Podcast: Teaching Acceptance of Responsibility - Steve Barkley

Podcast: Teaching Acceptance of Responsibility

steve barkley, teaching acceptance of responsibility

In this week’s episode of the Steve Barkley Ponders Out Loud podcast, Steve is joined by teacher educator and a PLS Classes instructor, Judy Lalli to discuss creating a classroom environment that models, teaches and supports responsibility.

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Steve [Intro]: 00:13 Hello and welcome to the Steve Barkley ponders Out Loud podcast. For over three decades, I’ve had the opportunity to learn with educators at all levels, both nationally and internationally. I invite you to listen as I explore my thoughts and learning on a variety of topics connected to teaching, learning and leading with some of the best and brightest educators from around the globe. Thanks for listening in.

Steve: 00:40 On today’s podcast, I’m joined by Judy Lalli, a long-term colleague and friend. Judy has been a classroom teacher. She currently is a substitute teaching at all grade levels in all courses. And she’s been a long time teacher educator. And Judy teaches a class titled “Successful Teaching for Acceptance of Responsibility.” And in all the work that I’ve been doing in coaching and assisting teachers and developing a much broader spectrum of student outcomes beyond content, this idea of looking at student responsibility struck a chord with me. So Judy, thanks for joining us here.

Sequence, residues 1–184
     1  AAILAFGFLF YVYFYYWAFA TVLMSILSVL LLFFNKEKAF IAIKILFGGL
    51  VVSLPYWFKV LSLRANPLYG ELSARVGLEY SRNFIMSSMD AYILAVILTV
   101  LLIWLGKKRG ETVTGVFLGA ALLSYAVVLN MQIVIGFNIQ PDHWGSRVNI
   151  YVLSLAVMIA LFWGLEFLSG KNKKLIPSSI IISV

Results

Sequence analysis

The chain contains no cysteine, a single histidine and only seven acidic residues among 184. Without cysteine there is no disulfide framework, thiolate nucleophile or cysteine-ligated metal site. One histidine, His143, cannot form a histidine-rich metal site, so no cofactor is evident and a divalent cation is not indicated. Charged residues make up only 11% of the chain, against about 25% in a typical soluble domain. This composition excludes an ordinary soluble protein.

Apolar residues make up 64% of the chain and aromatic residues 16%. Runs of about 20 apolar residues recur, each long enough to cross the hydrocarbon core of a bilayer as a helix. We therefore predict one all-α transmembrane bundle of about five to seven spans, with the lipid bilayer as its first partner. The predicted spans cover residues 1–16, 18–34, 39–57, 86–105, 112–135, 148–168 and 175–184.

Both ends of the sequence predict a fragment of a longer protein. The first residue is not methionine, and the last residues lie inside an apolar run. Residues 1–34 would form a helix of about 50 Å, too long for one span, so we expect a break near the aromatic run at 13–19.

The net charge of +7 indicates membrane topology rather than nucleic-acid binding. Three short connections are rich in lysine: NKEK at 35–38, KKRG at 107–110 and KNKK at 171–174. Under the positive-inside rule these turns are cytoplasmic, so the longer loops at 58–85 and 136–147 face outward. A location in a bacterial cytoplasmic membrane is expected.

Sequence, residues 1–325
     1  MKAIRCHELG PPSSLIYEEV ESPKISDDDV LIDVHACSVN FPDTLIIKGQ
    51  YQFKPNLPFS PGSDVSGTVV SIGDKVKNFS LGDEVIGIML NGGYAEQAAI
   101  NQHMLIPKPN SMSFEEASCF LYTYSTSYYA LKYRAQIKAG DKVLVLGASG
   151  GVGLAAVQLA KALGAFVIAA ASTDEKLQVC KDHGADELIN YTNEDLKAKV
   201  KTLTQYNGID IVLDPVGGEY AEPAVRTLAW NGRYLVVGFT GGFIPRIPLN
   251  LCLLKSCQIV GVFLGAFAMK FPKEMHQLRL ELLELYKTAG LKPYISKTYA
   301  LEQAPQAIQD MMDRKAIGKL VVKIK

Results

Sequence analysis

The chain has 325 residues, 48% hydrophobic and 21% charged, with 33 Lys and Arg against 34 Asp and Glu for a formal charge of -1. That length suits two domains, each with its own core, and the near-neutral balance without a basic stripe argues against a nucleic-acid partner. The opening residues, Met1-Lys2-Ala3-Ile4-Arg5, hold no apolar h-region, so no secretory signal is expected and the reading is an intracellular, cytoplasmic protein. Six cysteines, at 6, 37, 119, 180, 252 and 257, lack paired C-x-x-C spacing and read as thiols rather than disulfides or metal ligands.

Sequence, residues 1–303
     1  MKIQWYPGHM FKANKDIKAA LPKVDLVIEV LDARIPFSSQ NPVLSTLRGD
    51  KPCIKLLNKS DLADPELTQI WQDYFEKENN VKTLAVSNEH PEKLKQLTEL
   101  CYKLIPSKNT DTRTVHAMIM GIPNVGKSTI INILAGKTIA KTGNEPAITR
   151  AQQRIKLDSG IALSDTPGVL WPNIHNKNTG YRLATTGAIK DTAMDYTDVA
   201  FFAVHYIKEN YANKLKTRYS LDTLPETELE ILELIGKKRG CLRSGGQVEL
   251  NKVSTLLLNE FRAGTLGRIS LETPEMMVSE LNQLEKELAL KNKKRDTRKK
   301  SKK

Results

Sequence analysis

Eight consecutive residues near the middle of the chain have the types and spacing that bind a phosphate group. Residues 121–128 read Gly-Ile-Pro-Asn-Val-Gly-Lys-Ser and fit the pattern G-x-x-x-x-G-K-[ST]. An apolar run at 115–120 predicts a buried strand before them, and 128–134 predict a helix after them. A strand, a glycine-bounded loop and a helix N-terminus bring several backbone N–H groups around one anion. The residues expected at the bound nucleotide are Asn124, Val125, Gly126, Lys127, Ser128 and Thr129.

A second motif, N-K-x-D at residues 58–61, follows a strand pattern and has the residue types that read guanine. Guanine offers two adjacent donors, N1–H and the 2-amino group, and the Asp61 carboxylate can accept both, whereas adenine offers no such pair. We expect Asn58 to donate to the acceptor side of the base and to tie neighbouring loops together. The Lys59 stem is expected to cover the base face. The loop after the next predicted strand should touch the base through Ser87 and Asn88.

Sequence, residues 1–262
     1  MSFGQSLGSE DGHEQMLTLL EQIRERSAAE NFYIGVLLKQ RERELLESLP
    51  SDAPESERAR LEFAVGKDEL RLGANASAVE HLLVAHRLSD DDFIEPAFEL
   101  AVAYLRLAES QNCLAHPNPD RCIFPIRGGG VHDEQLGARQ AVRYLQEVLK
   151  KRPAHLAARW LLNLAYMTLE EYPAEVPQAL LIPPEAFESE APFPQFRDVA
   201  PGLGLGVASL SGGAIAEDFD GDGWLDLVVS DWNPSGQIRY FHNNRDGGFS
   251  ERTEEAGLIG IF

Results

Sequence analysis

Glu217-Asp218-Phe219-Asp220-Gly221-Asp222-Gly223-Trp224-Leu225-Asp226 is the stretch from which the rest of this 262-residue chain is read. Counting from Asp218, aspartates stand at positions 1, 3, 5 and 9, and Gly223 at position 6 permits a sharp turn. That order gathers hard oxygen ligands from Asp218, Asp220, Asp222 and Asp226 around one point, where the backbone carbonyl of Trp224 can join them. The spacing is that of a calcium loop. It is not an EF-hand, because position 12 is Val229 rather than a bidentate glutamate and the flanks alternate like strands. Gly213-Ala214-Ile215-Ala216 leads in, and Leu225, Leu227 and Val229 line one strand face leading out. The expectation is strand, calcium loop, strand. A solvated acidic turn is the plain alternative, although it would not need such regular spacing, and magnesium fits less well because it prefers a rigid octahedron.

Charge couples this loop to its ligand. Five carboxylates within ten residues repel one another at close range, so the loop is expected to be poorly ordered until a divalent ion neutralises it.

Judy: 01:40 Oh, it’s my pleasure.

Steve: 01:42 I’m wondering if you, if you’d start by kind of giving a definition to what we mean by student’s acceptance of responsibility.

Judy: 01:54 There’s a word, you know, self responsibility that is used often in this course and it’s conveying to students from Pre-K to post-grad that they can take responsibility for their actions and consequences, which as I’m saying that seems like a very simple concept, but there’s so much of the blame game. The dog ate my homework kind of thing. And in this course, through language, through the use of words, because words matter, we teach the students to take responsibility, understand the consequences and the difference between punishment and consequences. It’s just if this, then that and that’s being self responsible. Owning it, owning it.

Steve: 02:43 Am I hearing empowered in your description?

Judy: 02:49 It’s very empowering. It’s so empowering. Once you make that mind shift, that paradigm shift that, wow, I have a choice. I can make that effect the results. It’s very empowering.

Steve: 03:04 So can you give us an example of how a teacher approaches an issue with an individual student? What’s the skill- set that the teacher needs to have in order to develop the student’s self responsibility?